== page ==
Let’s face it. Central Texas has HOT summers. There is no denying it. It is stressful for us, and it is stressful for our plants.
If you have planted a shrub or a tree in the last two years, and you begin to see yellow or brown leaves in the summer, it is time to evaluate your watering program. Immediately.
There are a few things to be aware of that happen in Central Texas summers that will help you make decisions on managing water in your landscape.
FIRST: If the temperatures are predicted to go over 100°F, DO NOT WAIT to increase the frequency of your watering until you see damage. Once roots are lost to drought conditions, it takes them a while to regenerate, and sometimes, if they have gone too dry for too long, they won’t! Watch the FORECAST!
SECOND: Central Texas has a lot of WINDY DAYS in the summer. Wind removes moisture from leaves, and if the roots do not have access to water to replace the moisture loss in the leaves, the leaves TURN BROWN. If windy days are predicted, water BEFORE the windy day. Waiting until the damage is done is counterproductive. Watch the FORECAST!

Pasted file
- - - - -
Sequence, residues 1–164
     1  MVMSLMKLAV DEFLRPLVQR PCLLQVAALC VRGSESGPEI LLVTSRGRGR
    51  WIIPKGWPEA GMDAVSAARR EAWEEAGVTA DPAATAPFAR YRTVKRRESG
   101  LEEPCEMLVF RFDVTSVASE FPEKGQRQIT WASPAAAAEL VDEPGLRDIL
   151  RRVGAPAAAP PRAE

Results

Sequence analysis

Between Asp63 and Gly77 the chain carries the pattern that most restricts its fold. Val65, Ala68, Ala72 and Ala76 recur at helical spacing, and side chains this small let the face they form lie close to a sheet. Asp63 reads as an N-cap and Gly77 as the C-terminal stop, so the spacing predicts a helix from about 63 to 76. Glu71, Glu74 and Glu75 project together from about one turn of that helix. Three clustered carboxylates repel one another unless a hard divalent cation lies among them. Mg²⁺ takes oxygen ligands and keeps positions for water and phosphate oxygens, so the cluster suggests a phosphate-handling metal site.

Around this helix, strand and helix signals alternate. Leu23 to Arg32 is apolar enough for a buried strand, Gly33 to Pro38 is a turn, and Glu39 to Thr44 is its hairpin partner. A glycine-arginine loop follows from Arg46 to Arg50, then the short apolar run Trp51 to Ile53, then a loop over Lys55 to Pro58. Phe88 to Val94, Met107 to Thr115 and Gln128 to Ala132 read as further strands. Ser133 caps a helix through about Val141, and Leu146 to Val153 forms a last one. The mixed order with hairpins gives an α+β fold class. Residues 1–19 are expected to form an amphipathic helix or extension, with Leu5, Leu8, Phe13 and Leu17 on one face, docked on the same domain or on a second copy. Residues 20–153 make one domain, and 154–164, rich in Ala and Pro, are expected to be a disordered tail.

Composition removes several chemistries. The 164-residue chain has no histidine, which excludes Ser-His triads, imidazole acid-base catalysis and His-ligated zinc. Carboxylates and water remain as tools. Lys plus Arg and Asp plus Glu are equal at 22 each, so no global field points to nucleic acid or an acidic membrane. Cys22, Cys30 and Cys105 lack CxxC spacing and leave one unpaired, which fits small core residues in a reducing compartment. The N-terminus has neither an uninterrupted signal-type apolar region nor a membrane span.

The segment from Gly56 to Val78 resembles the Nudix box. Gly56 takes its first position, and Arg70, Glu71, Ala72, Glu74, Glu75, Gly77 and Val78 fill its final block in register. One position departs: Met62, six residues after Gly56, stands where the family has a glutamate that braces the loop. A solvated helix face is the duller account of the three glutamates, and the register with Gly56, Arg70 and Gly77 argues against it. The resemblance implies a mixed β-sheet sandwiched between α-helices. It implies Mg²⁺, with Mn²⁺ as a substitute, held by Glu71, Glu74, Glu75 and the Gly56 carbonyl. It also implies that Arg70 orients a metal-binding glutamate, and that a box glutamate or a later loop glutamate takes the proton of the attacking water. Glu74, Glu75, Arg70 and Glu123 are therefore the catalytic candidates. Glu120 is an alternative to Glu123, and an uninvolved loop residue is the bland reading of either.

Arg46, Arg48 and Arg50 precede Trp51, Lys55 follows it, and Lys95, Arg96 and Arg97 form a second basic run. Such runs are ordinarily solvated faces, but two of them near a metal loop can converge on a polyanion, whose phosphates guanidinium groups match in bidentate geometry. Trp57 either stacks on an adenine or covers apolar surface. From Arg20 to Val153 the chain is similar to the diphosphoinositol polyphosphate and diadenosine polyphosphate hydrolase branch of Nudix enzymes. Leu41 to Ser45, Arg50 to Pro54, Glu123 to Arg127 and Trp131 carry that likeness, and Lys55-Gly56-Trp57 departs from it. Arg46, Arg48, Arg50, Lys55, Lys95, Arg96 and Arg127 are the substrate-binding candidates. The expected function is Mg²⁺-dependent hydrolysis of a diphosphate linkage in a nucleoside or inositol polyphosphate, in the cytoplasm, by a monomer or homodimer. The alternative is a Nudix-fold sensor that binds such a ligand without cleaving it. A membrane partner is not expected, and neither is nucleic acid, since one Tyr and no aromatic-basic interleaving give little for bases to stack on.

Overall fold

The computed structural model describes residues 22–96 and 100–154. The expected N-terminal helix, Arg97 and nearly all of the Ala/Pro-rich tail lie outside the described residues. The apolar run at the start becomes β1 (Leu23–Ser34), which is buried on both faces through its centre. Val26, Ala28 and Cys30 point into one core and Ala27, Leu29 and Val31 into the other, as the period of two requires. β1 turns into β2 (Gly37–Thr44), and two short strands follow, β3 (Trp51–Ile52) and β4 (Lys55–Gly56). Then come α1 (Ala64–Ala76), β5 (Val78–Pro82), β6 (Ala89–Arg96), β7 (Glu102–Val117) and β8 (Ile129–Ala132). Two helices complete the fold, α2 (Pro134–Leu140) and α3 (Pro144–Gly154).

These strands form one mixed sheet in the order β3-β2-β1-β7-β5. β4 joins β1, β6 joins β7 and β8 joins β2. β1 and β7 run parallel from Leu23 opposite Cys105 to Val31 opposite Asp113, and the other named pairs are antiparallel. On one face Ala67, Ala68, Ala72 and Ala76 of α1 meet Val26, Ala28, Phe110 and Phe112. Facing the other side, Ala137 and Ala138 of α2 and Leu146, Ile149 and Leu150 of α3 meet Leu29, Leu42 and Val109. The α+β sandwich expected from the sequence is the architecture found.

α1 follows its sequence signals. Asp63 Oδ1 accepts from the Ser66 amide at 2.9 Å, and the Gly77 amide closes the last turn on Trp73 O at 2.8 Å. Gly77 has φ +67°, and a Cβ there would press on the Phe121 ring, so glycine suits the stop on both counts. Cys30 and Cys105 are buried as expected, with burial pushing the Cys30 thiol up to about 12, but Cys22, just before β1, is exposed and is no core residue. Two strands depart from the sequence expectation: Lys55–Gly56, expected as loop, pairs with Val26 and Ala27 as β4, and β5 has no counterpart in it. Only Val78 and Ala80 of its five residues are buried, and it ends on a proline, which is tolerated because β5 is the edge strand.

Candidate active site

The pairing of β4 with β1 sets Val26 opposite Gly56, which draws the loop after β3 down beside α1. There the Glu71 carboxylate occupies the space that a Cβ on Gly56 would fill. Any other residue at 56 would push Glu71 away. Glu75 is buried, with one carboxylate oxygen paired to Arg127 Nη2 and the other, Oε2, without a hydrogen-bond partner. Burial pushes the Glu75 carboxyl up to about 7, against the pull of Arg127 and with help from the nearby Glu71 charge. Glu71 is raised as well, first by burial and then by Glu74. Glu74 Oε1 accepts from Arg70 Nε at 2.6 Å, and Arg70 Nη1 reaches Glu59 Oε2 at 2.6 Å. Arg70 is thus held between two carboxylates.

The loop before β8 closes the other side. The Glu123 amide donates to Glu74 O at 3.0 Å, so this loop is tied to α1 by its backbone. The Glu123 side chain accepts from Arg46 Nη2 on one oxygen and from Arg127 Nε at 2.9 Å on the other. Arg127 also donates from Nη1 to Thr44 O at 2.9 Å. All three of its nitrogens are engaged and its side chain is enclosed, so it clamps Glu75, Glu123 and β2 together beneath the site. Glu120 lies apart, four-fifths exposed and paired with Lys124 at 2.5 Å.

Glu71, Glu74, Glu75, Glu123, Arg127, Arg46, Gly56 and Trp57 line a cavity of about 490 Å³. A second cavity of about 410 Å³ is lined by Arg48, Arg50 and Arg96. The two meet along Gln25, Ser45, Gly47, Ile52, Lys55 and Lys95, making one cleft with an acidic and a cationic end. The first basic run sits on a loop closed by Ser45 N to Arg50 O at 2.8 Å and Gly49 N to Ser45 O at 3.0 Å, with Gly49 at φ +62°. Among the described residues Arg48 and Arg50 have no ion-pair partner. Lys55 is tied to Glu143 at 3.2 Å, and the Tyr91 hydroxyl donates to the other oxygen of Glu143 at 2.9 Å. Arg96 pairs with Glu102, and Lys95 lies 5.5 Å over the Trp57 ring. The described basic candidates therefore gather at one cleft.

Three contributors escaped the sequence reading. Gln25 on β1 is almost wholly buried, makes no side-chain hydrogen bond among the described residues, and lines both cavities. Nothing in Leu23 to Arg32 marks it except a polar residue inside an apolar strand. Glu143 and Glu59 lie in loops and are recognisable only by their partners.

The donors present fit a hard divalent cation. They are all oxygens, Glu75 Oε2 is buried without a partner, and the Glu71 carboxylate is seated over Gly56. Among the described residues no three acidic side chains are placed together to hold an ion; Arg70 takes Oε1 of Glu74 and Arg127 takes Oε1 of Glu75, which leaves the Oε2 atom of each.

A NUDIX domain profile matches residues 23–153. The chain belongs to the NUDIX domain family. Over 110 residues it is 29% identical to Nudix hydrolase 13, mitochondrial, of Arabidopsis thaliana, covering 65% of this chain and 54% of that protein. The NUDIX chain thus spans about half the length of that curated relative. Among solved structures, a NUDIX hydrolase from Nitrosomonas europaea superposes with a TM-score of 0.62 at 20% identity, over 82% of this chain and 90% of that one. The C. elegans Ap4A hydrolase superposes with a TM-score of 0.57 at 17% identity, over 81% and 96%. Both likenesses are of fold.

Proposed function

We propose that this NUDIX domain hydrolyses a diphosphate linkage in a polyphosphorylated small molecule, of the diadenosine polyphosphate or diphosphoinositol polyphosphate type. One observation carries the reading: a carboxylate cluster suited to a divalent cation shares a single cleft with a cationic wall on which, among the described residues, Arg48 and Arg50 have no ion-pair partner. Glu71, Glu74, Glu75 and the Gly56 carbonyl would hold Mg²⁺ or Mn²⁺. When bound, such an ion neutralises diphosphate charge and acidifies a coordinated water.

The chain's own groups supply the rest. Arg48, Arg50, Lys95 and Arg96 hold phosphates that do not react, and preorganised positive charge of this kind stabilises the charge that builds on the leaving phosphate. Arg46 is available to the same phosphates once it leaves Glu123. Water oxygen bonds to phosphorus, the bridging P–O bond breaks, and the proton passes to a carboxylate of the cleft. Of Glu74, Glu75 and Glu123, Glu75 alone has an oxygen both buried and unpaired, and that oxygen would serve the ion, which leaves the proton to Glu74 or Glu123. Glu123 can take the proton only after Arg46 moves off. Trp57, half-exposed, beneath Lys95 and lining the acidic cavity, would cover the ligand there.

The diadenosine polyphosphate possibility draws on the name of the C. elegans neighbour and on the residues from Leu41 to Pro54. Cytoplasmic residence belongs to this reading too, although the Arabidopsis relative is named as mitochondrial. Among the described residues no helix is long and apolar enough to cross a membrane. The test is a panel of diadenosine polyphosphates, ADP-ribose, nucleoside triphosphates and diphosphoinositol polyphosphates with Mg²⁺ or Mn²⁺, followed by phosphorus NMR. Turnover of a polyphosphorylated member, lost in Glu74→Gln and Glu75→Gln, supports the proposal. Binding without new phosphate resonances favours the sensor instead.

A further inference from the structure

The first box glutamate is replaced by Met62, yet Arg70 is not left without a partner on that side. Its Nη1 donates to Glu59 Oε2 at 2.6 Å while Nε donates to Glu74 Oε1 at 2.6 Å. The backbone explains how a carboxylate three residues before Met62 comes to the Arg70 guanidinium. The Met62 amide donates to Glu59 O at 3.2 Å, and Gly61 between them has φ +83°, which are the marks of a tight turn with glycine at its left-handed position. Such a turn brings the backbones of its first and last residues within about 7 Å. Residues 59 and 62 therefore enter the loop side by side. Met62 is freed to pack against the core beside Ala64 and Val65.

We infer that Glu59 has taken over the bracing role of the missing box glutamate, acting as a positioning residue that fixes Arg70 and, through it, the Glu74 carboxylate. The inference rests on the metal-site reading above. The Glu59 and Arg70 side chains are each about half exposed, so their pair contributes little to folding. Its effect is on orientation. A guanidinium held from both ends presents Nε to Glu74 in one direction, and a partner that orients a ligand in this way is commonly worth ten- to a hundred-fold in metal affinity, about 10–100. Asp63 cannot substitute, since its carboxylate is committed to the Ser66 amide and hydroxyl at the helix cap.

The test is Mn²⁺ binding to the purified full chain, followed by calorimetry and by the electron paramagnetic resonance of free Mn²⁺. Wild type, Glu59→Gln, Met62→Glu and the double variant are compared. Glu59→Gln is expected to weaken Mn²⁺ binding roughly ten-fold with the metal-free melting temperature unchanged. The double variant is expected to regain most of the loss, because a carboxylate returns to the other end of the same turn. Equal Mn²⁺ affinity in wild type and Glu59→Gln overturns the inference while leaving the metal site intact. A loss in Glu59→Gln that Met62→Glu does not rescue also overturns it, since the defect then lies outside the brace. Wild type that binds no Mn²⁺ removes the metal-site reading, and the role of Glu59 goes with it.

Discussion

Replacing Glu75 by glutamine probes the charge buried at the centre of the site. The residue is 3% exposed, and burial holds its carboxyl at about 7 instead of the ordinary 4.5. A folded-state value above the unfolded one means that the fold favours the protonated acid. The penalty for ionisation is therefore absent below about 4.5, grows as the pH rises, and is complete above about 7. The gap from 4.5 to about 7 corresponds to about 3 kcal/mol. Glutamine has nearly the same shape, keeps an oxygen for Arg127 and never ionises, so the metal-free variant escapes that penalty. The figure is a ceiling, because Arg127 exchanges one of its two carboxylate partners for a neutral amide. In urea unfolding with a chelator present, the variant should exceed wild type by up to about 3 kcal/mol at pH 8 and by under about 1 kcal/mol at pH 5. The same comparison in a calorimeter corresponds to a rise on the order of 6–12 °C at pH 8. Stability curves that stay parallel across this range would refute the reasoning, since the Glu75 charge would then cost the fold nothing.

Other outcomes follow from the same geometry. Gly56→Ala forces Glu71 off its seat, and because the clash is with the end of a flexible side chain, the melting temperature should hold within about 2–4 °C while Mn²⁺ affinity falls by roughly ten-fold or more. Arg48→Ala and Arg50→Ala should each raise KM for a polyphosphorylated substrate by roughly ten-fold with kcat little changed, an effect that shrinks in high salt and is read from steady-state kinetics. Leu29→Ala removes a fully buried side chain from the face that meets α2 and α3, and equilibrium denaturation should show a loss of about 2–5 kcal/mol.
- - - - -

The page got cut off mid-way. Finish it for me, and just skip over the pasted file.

THIRD: The first year after planting, we water the planting hole and six to twelve inches beyond it. AFTER the first year, THE ROOTS ARE NO LONGER NEXT TO THE TRUNK of the plant or tree! If you have done your job well, the roots will continue to grow OUT FROM THE TREE. Roots should be watered AT LEAST out to the drip line, and sometimes even BEYOND. Increase your watering diameter annually until you are watering at least one times the height of the tree out from the tree. If you have a 20 foot tall tree, watering should take place within a circle drawn 20 feet OUT FROM THE TREE. This is important!
FOURTH: The majority of the “feeder roots” are in the top one to two feet of the soil. This means that when you water, you must WATER DEEPLY! It might take two inches of water to DEEP WATER a tree. Use a small sprinkler with low pressure so that large drops hit the soil and do not evaporate. Place a straight-sided container in a couple of places to measure how long to run the sprinkler to get two inches of water in the container. Move the sprinkler around until the entire area under the canopy has been watered.
Here are our guidelines for watering trees the first year after planting:
Here are our guidelines for watering trees AFTER the first year: